He accused the company of putting its concerns about Depp ahead of the victims of Minamata and their families.

MGM’s behaviour, said Levitas, was a ‘stark reminder’ of how Japan’s Chisso Corporation had ridden roughshod over ordinary people after it polluted the sea around its factory, then refused to compensate locals whose lives were destroyed.

Bent on shaming MGM, he included some of the harrowing photos that Smith — beaten up so badly by Chisso goons that he never fully recovered — took of the crippled and deformed victims.

Pictured: A photo taken by W. Eugene Smith of a fisherwoman in Minamata Bay, 1971

‘Yes, you are legally within your rights to bury their story as so many have done before, but you have a moral obligation to do better than that,’ thundered Levitas, a successful sculptor but a novice at making feature films —Minamata is his second.

Strong words but ones which have yet to move MGM. The company confirmed that Minamata ‘continues to be among’ its future releases but an actual date has yet to be announced.

The decision to cast Depp as the impassioned camera crusader determined to highlight the plight of the oppressed, marked a radical departure for an actor who is best known for playing the pantomime-like knave Captain Jack Sparrow in the overblown Pirates Of The Caribbean movies.

But W. Eugene Smith actually wasn’t that dissimilar to Depp. He was an alcoholic, addicted to amphetamines and had deeply self-destructive instincts. He was a shell-shocked recluse in 1971 when he decided to kick start his career again by going to Minamata.

‘A broken alcoholic who finds a purpose and sort of a new chapter in his life,’ Depp told a news conference at the Berlin Film Festival last year. ‘Yeah. Heard that story somewhere before,’ he added with a smile.

The son of a Kansas grain-elevator owner who killed himself, the irascible Smith himself frequently threatened suicide. He spent time in a mental institution, neglecting and eventually abandoning his first wife and children.

Although regarded as one of the finest photo-journalists of his generation, Smith was a nightmare to work with. He was a perfectionist and obsessive, lugging around tons of equipment to each assignment and once supplying a client who wanted 50 pictures of Pittsburgh with 10,000 instead.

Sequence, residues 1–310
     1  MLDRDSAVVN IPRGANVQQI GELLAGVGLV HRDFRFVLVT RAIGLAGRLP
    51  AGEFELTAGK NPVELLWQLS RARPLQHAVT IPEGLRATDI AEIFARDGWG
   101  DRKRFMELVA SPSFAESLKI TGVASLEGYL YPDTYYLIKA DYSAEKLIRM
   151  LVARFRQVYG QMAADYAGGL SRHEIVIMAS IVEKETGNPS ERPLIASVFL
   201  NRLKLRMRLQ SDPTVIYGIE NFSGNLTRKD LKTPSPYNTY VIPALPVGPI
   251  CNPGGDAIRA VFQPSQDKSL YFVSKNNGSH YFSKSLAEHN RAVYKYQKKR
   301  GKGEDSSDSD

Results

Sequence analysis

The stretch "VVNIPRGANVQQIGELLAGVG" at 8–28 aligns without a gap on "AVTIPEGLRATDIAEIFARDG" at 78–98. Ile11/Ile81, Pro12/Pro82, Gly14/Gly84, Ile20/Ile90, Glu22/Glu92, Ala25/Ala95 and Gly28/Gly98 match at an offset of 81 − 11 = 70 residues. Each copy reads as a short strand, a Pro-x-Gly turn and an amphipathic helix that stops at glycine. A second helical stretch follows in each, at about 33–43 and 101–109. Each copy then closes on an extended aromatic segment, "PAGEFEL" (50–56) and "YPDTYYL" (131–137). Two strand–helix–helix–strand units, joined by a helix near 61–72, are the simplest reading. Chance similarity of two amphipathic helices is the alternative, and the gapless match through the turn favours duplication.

While covering World War II in the Pacific he was badly wounded by mortar fire and also injured in two plane crashes. He’d already left Life Magazine in a huff when he persuaded the editor to let him go out to Minamata in early 1971 to record the suffering of local people as they battled Chisso for compensation.

Smith, then 52, was accompanied by his 21-year-old second wife, Aileen, a beautiful half-American, half-Japanese woman. She would prove crucial in breaking down the suspicion of simple Japanese families, most of them fishermen and all of them wary of the camera-toting foreigner who turned up wanting to photograph them and their maimed relatives.

The low-budget film was a passion project for Depp (pictured in his role as W. Eugene Smith). He plays the celebrated but mercurial American photo-journalist, who went to a remote corner of southern Japan to document a poisoning scandal caused by the release of mercury from a factory owned by the Chisso Corporation, a chemical company

The couple planned to be there a few months but would stay three years. During that time they witnessed the terrible toll wrought by Minamata Disease — the severe deformities, deafness, abnormal gait and eye movements, and altered speech. Loss of bodily control would cause sufferers to flail around uncontrollably.

What was particularly scandalous was that the Minamata disaster was allowed to continue for 34 years.

The Chisso factory started releasing methyl-mercury — the most toxic form of the metal — through its wastewater into the sea in 1932. The mercury accumulated inside fish and shellfish, which were then eaten by people and animals.

The disease was first identified in 1956 and the first victims were cats which would start having convulsions, acting erratically and then dying. It was dubbed ‘Dancing Cat Fever’ although it affected other animals — crows began falling from the sky and dead fish floated to the surface of Minamata Bay.